Deep Space 1


Also found in: Wikipedia.

Deep Space 1

An uncrewed NASA spacecraft, launched Oct. 1998 from Cape Canaveral, Florida, USA, on top of a Boeing Delta rocket. Its primary mission was to test advanced technologies that could lower the cost and risk involved in future scientific interplanetary exploration. Chief among these technologies was a new ion propulsion system utilizing atomic particles rather than conventional chemical fuel. An ion propulsion engine, first used for station-keeping by the PAS-5 telecommunications satellite in 1997, generates thrust by accelerating positively charged ions in a chamber of xenon through a series of gridded electrodes at one end of the chamber. Although such an engine produces only a tiny amount of thrust, the lack of atmospheric drag in outer space means that the thrust's effect builds up, allowing a probe to travel faster and farther. An ion propulsion engine is also very fuel-efficient, with a level of consumption about 10% of that of a conventional rocket engine. Thus, with an engine requiring less propellant than a normal spacecraft, Deep Space 1 was relatively light, its mass at liftoff, including fuel, being just 486.32 kg. By mid-August 2000, the ion propulsion engine had logged 200 days of operation. It continued functioning well until the probe was shut down in December 2001.

Deep Space 1 successfully tested 12 new technologies in all. Among the others were a Miniature Integrated Camera Spectrometer, low-power electronics, and a Small Deep Space Transponder. In the process the probe flew by two asteroids, (9969) Braille and 1992 KD. In September 1999 NASA decided to extend Deep Space 1's mission and sent it to encounter Comet Borelly. It successfully accomplished this activity in September 2001, returning valuable scientific data and excellent images. Deep Space 1 proved to be one of NASA's most successful low-budget missions, with total costs just short of $150 million.

References in periodicals archive ?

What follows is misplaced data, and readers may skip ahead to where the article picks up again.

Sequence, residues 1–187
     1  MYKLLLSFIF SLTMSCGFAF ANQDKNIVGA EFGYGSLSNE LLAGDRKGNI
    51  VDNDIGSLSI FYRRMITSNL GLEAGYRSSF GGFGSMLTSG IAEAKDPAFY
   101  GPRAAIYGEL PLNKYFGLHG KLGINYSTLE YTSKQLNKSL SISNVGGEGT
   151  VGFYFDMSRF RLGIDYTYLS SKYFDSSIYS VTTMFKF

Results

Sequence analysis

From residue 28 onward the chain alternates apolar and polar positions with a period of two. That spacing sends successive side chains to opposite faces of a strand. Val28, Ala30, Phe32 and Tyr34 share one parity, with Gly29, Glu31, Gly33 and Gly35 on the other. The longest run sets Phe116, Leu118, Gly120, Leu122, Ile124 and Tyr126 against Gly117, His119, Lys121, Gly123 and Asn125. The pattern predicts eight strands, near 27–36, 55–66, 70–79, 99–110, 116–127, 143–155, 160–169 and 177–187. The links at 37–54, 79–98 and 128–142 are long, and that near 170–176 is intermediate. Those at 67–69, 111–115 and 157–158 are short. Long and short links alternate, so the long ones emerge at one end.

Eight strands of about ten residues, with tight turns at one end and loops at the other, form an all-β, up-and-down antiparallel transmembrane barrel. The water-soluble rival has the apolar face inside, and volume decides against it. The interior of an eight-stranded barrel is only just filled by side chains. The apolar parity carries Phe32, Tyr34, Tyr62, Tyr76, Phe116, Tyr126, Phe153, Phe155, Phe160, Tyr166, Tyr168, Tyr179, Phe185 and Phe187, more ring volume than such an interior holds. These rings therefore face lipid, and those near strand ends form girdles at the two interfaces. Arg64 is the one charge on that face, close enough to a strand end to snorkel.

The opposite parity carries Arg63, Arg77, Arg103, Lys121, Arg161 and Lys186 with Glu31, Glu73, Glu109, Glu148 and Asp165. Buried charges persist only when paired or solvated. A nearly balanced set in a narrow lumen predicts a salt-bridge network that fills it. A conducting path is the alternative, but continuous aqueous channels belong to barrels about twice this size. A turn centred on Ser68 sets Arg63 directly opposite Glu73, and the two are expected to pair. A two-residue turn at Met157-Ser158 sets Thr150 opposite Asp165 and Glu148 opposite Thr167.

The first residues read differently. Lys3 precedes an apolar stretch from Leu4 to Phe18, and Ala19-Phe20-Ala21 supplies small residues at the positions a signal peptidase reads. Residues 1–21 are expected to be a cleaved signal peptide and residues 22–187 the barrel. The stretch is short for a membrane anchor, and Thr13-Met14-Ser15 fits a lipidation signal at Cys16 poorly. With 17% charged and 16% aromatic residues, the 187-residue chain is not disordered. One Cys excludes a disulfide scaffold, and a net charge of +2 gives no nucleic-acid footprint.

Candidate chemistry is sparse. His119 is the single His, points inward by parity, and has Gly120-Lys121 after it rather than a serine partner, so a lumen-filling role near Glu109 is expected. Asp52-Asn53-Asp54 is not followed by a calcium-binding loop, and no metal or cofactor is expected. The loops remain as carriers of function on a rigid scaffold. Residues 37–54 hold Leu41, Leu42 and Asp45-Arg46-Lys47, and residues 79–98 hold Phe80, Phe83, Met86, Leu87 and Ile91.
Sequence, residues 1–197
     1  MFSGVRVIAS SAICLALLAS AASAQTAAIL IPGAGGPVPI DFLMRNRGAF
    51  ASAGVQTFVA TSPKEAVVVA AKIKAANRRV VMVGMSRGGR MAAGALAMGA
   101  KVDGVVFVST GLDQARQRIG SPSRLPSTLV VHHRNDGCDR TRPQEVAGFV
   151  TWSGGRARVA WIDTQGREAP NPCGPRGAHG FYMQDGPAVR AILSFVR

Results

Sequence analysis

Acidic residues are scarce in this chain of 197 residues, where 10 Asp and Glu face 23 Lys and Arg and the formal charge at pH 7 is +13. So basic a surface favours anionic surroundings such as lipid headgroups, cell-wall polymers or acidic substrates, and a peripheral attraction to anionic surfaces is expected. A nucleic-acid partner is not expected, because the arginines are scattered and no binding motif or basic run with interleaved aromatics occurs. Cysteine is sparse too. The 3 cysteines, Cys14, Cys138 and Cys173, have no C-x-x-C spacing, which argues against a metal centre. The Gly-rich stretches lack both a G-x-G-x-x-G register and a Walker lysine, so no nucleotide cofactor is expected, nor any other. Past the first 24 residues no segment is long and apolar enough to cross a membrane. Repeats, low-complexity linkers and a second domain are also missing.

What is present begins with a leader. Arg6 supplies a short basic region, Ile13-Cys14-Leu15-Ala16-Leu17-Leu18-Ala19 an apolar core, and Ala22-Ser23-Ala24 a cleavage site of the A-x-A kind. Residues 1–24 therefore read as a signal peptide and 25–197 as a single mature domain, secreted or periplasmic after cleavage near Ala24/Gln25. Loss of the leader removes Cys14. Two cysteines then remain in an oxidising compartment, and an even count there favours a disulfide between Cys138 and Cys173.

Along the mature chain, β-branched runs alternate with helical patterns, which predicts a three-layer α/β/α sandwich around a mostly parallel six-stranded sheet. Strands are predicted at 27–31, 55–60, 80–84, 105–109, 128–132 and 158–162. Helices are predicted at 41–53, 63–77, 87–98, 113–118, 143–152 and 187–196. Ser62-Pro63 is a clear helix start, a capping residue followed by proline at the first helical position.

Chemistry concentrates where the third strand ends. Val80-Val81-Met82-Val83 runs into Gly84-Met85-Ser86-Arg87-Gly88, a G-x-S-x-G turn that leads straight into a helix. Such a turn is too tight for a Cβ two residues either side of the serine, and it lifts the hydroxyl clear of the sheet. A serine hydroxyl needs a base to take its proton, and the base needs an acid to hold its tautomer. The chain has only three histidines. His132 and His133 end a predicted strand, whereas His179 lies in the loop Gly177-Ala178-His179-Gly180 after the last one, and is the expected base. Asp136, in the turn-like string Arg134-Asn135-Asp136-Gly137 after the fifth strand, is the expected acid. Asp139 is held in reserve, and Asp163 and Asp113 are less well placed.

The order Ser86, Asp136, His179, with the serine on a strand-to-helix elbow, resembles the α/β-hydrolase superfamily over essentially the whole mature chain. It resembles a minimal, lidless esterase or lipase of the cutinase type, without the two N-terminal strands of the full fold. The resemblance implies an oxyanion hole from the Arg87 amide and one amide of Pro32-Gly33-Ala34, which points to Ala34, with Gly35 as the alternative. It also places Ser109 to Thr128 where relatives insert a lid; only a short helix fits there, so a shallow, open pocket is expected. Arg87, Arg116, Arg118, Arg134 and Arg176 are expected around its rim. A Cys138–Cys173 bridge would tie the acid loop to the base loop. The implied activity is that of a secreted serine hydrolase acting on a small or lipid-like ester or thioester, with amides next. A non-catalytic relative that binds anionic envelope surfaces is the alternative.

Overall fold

24, 1998, Deep Space 1 was launched, the spacecraft that reached the comet Borrelly in September 2001.
In a risky fly-by, NASA's aging Deep Space 1 spacecraft has navigated close enough to 'see, feel and smell' the rocky nucleus of a comet, giving scientists their best look ever at icy dust and gas thought to be as old as the solar system itself.
Infrared spectra taken by the Deep Space 1 spacecraft in late July suggest that Braille, only 2 kilometers long, is a chip off the old block 4 Vesta, the third largest asteroid in the solar system.
The Deep Space 1 mission has yielded valuable data that will shed more light on the kinds of asteroids that could someday veer onto a collision course with Earth, Jet Propulsion Laboratory scientists said Sunday.
Tanner EDA was involved in the Deep Space 1 project in 1998 where Deep Space 1 encountered Comet Borrelly and returned the best images and other data ever from a comet.
Known as Remote Agent, the craft-based computer program operated NASA's Deep Space 1 mission in a 2-day test.
Dubbed Deep Space 1, the spacecraft Rose is assembling is just one in an flotilla of about 20 small probes under design or construction at NASA's Jet Propulsion Laboratory.
Last year, Boeing received NASA's Public Service Group Achievement Award for critical Mars missions including Mars Pathfinder, Mars Orbiter and Deep Space 1, all of which were launched aboard Delta II rockets.
Scientists meeting Tuesday at the National Aeronautics and Space Administration's JPL acknowledged that the Deep Space 1 probe now undergoing tests in Pasadena is a bold gamble.
Department of Defense and NASA on such missions as MSTI-1, -2 and -3, New Millennium Deep Space 1, HESSI and Swift.
Harlequin LispWorks(R) is supporting the operation of the Remote Agent Experiment (RAX), activated this week on NASA's Deep Space 1 spacecraft.
This new design, able to use both X-Band and Ka-Band radio frequencies, is currently on the Deep Space 1 spacecraft of NASA's New Millennium Program and is scheduled for deployment on several deep space missions in the future including the Space Infrared Telescope Facility (SIRTF) and Mars Surveyor 2001.